Fosamax Bone Loss Study: Alendronate to Prevent Bone Loss
This is a study to determine if Fosamax (alendronate), a medication approved by the Food and Drug Administration (FDA) for the prevention and treatment of osteoporosis in postmenopausal women, is effective in decreasing the rate of bone loss which often begins to increase in the three to five years preceding the menopause (perimenopausal transition).
During the three to five years prior to the menopause, the rate of bone loss increases. One way that physicians treat this is with oral contraceptive medication. However, the incidence of complications from oral contraceptives after the age of 40 increases. Therefore, a non-hormonal means of preventing bone loss should be useful. Fosamax (alendronate) is in a class of compounds called bisphosphonates. This study is being done to determine whether Fosamax can be used to prevent the increased rate of bone loss during the perimenopausal transition.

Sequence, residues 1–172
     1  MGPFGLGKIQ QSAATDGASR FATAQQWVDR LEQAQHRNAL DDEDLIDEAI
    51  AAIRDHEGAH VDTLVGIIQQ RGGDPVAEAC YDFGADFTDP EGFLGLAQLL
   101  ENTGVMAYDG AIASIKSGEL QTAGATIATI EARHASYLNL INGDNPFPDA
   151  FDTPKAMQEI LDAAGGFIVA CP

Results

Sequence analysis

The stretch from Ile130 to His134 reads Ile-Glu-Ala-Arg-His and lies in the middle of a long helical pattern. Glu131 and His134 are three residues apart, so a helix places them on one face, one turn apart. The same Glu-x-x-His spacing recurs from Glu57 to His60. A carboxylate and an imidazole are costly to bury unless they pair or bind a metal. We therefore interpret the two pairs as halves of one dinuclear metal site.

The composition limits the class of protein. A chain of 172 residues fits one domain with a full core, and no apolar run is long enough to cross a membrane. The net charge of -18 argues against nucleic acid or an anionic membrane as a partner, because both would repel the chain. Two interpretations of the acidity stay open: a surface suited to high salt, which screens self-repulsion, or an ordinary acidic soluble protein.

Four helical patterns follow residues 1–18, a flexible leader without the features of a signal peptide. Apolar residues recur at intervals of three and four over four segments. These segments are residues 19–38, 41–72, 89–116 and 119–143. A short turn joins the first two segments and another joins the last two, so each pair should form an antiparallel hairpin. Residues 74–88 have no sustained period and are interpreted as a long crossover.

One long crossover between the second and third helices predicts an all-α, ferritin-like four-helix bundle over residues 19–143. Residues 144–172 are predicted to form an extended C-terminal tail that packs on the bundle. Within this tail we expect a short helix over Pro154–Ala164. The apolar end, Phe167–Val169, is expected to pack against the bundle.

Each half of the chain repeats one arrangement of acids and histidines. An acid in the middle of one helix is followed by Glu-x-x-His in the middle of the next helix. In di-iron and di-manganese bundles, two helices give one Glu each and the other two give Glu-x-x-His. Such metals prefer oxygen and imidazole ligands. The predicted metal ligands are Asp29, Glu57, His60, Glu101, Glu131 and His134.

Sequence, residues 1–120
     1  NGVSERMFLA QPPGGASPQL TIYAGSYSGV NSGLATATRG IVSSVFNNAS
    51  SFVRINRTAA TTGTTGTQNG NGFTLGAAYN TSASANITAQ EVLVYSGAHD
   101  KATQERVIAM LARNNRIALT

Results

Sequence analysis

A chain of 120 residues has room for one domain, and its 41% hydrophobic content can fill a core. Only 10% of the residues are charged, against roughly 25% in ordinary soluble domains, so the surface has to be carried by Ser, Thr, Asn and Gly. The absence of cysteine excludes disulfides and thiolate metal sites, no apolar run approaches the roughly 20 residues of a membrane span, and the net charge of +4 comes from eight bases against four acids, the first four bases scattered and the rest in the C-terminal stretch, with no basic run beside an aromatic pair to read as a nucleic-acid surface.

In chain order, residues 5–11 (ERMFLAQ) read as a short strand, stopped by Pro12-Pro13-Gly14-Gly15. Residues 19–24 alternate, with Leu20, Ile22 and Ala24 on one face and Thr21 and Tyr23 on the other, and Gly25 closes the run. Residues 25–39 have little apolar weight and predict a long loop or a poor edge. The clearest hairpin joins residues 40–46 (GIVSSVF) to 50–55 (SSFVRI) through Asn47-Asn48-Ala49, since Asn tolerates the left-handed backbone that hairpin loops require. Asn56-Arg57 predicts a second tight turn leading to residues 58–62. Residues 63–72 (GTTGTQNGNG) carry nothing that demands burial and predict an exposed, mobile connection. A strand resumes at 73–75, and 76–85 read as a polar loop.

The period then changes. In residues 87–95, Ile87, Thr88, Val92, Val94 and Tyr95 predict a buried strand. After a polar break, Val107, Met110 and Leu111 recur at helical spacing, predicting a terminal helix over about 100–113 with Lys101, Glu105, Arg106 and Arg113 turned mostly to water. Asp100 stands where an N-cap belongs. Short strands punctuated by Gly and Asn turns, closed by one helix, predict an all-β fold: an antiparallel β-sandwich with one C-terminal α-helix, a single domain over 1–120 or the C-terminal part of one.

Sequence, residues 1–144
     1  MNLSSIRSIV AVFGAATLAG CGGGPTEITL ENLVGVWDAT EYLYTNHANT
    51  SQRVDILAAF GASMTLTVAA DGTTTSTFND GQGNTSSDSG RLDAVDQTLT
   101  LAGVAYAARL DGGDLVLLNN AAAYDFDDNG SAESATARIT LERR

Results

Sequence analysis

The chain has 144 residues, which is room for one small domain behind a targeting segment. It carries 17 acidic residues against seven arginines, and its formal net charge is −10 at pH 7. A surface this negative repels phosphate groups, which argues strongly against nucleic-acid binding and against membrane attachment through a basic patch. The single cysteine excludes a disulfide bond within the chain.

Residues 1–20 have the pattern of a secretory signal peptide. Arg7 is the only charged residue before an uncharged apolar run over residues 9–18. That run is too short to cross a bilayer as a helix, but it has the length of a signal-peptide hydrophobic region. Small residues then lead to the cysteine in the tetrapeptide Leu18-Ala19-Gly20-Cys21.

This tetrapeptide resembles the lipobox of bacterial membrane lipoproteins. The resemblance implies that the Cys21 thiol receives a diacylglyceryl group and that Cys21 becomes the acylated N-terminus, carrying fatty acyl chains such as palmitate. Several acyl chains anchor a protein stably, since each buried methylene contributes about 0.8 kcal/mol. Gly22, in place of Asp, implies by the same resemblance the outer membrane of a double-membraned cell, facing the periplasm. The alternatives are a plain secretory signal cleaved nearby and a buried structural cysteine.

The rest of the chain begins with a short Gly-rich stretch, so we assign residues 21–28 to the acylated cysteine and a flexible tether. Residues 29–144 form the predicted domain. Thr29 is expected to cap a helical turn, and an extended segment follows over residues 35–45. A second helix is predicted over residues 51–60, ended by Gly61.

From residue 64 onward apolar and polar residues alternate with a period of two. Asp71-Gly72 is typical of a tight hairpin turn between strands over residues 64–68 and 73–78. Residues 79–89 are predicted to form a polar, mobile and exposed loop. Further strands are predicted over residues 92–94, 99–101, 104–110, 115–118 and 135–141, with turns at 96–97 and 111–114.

|Study Design:||Observational Model: Case Control
Time Perspective: Prospective
|Official Title:||Alendronate to Prevent Perimenopausal Transition Bone Loss|
|United States, California|
|University of California, San Francisco|
|San Francisco, California, United States, 94143|
|Principal Investigator:||Robert B. Jaffe, M.D.||University of California, San Francisco|